• John M. Richardson Jr (1982) "A decade of global modelling". In: Futures. Vol. 14, Issue 2, April 1982, pp. 136–145
  • Pestel was a very forceful person and quickly saw the power of system dynamics.
  • Eduard Pestel recalled that the Club of Rome's founder, Aurelio Peccei, was tremendously impressed “by the fact that all computer runs exhibited — sooner or later at some point in time during the next century — a collapse mode regardless of regardless of any 'technological fixes'employed'.
    • Paul N. Edwards (2010) : Computer Models, Climate Data, and the Politics of Global Warming. p.368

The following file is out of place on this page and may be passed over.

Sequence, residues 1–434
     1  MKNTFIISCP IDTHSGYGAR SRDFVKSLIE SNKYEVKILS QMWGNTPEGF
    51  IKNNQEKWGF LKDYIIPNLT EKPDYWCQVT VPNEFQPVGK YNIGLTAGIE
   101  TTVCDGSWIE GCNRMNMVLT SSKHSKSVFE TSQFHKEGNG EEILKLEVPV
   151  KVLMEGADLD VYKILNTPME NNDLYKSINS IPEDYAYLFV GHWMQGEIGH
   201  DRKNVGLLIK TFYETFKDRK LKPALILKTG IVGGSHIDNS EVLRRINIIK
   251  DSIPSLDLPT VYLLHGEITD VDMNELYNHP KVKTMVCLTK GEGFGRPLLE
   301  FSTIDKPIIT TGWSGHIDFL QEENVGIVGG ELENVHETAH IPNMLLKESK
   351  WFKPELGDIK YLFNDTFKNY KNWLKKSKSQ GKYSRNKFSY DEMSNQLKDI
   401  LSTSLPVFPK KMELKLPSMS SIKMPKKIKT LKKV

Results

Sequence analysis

• Mesarovic and Pestel are critical of the Forrester-Meadows world view, which is that of a homogeneous system with a fully predetermined evolution in time once the initial conditions are specified
    • New Scientist. Vol. 66, nr. 947. May 1, 1975. p.272
  • Mihajlo Masarovic and Eduard Pestel (1974) attempted a radical innovation by developing complex models that combined demographic projections with economic, social, environmental, and political trends, with the objective of revealing that the population predicted by the UN would necessarily lead to an an explosion of the world system during the 21st century, causing an increase in mortality and a rapid population decline.
    • Graziella Caselli, Jacques Vallin, Guillaume J. Wunsch (2006) Demography: Analysis and Synthesis. Volume 1. p.218

External links[edit]